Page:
The question remaining for decision is the effect of discovery of evidence as a result of the illegal bomb sweep when that same evidence is subsequently found and seized under a valid search warrant. The district court correctly ruled that on the authority of Segura v. United States, 468 U.S. 796, 104 S. Ct. 3380, 82 L. Ed. 2d 599 (1984), the evidence discovered for the first time during the search pursuant to the warrant is admissible. But what concerns us is evidence that was first discovered during the illegal search and thereafter rediscovered and seized under a valid search warrant. While the question that faces us was present in the appeal to the Second Circuit which ruled that such evidence was tainted and inadmissible, that aspect of the case was not reviewed by the Supreme Court. The district court in the instant case was of the view that the taint of the first illegal search applied to all evidence discovered in that search and that the taint could not be dissipated by a subsequent search under a valid search warrant. It relied in large part on United States v. Collazo, 732 F.2d 1200 (4 Cir. 1984), cert. denied, 469 U.S. 1105, 105 S. Ct. 777, 83 L. Ed. 2d 773 (1985).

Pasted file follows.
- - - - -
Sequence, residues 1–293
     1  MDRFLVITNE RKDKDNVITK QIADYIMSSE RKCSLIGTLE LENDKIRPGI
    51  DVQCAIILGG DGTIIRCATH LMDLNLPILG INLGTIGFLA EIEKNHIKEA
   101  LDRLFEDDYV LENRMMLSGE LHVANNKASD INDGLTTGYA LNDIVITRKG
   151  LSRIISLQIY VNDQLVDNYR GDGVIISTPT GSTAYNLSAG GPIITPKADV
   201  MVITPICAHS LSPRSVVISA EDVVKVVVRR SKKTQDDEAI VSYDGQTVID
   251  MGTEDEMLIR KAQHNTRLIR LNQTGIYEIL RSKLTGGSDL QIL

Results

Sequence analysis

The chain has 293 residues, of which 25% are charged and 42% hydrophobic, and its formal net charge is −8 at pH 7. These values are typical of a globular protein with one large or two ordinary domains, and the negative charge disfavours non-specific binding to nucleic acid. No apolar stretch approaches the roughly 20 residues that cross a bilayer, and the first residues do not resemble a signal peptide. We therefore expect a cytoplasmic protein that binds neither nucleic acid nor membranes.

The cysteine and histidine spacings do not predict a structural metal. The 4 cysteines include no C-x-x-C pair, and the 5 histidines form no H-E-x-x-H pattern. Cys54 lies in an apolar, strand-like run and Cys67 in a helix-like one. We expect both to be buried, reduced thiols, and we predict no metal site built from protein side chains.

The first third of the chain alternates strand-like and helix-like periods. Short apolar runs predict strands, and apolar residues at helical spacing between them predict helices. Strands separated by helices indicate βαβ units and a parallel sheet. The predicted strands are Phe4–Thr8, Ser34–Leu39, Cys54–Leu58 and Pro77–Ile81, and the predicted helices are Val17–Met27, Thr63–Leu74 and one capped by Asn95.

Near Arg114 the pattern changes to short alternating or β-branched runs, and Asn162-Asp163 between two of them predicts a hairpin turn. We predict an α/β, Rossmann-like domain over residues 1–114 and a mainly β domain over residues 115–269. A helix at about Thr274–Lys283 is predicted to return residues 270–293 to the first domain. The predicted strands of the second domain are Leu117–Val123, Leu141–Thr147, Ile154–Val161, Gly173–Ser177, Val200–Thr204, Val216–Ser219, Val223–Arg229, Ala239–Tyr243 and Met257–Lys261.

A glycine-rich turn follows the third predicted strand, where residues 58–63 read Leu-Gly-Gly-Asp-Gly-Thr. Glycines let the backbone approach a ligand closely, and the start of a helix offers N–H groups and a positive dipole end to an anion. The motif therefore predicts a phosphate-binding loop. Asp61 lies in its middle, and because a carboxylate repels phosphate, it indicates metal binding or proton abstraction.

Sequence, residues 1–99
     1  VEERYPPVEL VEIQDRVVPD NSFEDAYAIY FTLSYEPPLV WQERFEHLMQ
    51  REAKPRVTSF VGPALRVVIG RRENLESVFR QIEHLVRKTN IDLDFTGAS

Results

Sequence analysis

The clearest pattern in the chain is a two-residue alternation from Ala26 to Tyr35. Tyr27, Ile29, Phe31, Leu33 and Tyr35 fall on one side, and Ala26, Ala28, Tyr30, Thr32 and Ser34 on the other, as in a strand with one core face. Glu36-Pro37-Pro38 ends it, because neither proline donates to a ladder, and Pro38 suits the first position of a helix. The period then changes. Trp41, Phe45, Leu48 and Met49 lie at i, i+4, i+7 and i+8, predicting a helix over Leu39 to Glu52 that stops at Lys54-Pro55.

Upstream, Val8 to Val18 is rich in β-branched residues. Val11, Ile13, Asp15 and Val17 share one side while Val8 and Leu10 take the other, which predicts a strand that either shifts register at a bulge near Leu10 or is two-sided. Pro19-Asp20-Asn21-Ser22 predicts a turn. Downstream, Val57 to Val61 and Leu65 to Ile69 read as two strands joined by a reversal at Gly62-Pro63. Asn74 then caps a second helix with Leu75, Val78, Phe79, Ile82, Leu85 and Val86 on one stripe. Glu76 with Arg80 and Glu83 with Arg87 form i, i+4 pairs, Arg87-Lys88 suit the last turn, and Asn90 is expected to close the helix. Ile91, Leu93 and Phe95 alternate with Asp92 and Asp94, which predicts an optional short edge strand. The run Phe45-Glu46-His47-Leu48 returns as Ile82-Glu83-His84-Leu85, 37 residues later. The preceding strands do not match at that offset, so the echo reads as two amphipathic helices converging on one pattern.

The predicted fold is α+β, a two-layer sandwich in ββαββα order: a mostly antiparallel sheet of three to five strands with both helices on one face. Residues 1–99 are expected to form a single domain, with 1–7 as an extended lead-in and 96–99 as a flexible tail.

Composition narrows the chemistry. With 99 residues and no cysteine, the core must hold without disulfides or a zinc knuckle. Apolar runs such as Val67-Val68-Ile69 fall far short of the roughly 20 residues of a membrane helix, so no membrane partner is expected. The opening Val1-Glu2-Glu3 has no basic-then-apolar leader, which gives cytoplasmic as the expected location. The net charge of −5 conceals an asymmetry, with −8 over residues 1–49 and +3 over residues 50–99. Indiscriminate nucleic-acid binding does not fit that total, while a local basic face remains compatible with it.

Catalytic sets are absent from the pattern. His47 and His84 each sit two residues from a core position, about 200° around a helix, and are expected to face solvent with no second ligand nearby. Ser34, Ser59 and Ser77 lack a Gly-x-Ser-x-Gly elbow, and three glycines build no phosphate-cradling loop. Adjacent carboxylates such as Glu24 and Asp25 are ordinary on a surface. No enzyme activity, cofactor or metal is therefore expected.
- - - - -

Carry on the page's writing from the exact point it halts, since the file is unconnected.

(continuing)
Aside from Segura, the only other relevant Supreme Court ruling on the issue is Nix v. Williams, 467 U.S. 431, 104 S. Ct. 2501, 81 L. Ed. 2d 377 (1984), which held generally that unlawfully obtained evidence was nevertheless admissible if it could be established that ultimately or inevitably it would have been discovered by lawful means. Nix was concerned with evidence pertaining to the discovery and condition of a murder victim's body which was actually discovered by interrogation of a defendant in violation of his right to counsel but with respect to which there was ample and compelling evidence to show that search parties were approaching the actual location of the body, that the search would have continued and that the body would inevitably have been found. The significance of Nix is its recognition and application of the "inevitable discovery" exception to the exclusionary rule barring the use of evidence obtained in violation of constitutional rights.